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Inside Lagos, Two Women Push Afrobeats Boundaries

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Kan Àwa’s work is happening at an opportune time

Music producer Olayinka Owoseni and sound designer Yvette Ogungbe are busy inside their central Lagos, Nigeria, office, working on pushing Afrobeats, West Africa’s hip-hop, dancehall, and reggae-inspired sound out into the world. 

Their interest, according to CNTraveler, is to schedule virtual performances for emerging artists, create live recording sessions for top producers, and comb through and record hours of footage and interviews to help tell (and sell) the Afrobeats story. 

“Our mission,” says Owoseni, “is to document our history and preserve our culture for us, by us.”

These women founded Kan Àwa about a year ago. The organization is a creative marketing agency focused on promoting music. 

Ogungbe’s father, Kenny, was a Nigerian immigrant and DJ in Los Angeles. His gut told him that the genre would be huge—so he moved back home, and along with his partner, Dayo Adeneye, created the infrastructure that would turn the nascent genre into a homegrown phenomenon. They created radio stations, music TV channels, and their KENNIS Music record label, which would go on to launch the careers of Afrobeat superstars like 2Baba, The Remedies, and others. 

“Seeing all the sacrifices they made was really inspiring," Ogungbe says. "They left their lives in Los Angeles and moved back to Lagos to build an industry that no one had faith in."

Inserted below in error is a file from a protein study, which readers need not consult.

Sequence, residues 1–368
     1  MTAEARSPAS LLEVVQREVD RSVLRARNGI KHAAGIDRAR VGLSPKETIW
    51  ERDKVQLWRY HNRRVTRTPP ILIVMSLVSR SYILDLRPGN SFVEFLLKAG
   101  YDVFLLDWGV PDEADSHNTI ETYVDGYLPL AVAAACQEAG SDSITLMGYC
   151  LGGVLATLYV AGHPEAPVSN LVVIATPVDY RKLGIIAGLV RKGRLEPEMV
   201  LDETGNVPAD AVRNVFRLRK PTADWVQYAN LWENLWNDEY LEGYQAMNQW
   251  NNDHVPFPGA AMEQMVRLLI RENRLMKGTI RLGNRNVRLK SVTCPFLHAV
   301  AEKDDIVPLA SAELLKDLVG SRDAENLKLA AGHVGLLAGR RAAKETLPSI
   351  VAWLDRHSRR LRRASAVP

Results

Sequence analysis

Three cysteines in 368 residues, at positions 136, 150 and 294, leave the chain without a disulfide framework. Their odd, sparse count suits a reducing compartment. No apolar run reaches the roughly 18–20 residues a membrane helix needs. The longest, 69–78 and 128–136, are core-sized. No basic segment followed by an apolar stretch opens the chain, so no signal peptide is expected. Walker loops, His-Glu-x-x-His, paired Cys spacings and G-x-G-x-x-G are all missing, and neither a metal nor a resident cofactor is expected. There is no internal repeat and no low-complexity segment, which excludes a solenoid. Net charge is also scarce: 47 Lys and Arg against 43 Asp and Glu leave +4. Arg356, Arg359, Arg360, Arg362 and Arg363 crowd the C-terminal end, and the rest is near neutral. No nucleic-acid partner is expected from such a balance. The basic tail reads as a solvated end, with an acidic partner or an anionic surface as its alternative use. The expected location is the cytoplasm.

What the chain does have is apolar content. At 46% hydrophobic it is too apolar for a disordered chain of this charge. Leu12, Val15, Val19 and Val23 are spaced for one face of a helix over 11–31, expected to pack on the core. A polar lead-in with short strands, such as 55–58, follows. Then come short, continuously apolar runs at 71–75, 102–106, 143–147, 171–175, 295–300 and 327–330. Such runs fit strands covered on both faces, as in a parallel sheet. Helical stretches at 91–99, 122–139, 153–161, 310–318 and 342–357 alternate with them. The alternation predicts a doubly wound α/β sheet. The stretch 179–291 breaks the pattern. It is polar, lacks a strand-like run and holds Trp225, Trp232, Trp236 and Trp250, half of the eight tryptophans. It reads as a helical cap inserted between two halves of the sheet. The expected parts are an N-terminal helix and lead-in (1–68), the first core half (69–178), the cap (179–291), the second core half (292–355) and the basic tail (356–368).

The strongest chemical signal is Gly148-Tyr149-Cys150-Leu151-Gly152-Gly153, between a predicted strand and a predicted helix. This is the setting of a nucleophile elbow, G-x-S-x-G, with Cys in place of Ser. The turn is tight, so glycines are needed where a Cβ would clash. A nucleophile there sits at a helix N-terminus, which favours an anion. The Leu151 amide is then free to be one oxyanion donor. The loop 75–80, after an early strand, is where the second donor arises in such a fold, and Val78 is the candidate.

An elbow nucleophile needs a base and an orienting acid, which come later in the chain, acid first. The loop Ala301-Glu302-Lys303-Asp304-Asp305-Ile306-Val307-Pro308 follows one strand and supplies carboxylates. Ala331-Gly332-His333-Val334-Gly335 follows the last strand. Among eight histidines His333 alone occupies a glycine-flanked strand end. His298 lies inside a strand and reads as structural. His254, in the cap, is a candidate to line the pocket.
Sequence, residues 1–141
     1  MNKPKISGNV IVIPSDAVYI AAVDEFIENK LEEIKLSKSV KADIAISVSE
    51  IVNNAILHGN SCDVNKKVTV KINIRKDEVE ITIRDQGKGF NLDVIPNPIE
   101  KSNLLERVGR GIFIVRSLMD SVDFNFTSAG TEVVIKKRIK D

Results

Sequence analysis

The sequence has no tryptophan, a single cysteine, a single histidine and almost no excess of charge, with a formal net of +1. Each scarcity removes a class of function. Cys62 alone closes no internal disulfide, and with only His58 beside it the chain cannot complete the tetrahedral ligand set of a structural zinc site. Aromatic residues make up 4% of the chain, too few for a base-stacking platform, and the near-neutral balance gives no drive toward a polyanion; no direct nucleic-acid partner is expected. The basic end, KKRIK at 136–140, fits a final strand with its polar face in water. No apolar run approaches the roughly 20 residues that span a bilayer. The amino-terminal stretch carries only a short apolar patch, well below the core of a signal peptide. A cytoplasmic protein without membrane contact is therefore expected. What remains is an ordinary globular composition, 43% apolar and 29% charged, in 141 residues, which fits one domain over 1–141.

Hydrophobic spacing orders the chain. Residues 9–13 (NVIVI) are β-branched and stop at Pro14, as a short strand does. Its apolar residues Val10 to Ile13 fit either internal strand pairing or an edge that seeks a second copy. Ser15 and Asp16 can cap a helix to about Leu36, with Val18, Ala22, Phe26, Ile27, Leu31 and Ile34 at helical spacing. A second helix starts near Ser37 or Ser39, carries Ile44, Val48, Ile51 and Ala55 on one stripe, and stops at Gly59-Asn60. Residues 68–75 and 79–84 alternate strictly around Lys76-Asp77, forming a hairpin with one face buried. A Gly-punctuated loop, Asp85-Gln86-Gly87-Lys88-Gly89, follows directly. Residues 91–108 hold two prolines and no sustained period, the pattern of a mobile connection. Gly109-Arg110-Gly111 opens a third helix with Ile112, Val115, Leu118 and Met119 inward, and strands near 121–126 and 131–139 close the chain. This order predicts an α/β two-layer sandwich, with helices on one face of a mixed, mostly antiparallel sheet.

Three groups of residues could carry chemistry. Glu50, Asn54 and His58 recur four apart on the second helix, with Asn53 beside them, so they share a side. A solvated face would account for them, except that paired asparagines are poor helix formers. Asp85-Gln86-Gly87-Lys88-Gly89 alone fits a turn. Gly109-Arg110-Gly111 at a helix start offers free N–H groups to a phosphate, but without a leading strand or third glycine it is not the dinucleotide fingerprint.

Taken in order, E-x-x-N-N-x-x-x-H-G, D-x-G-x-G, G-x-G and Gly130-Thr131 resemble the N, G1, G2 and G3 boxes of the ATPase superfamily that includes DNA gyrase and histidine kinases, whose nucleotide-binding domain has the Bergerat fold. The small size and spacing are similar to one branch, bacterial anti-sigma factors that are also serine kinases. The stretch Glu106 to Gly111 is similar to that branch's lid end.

Kan Àwa’s work is happening at an opportune time to get Afrobeats out there as well. With increased smartphone penetration and broadband connectivity in the last decade throughout Western Africa, platforms like YouTube, SoundCloud, and Spotify.

Among other things, they also hope Kan Àwa can bring more female artists to the top. “Tems is going to do such great things,” Owoseni says excitedly of the young singer, songwriter, and producer who recently found a fan in Adele. Owoseni is also looking to see the new generation of women like Ayra Starr, SGaWD, Fave, and Solis, to build upon the genre in new ways. 

“It’s going to be so beautiful,” says Owoseni of how she thinks Nigeria's music scene will evolve. 

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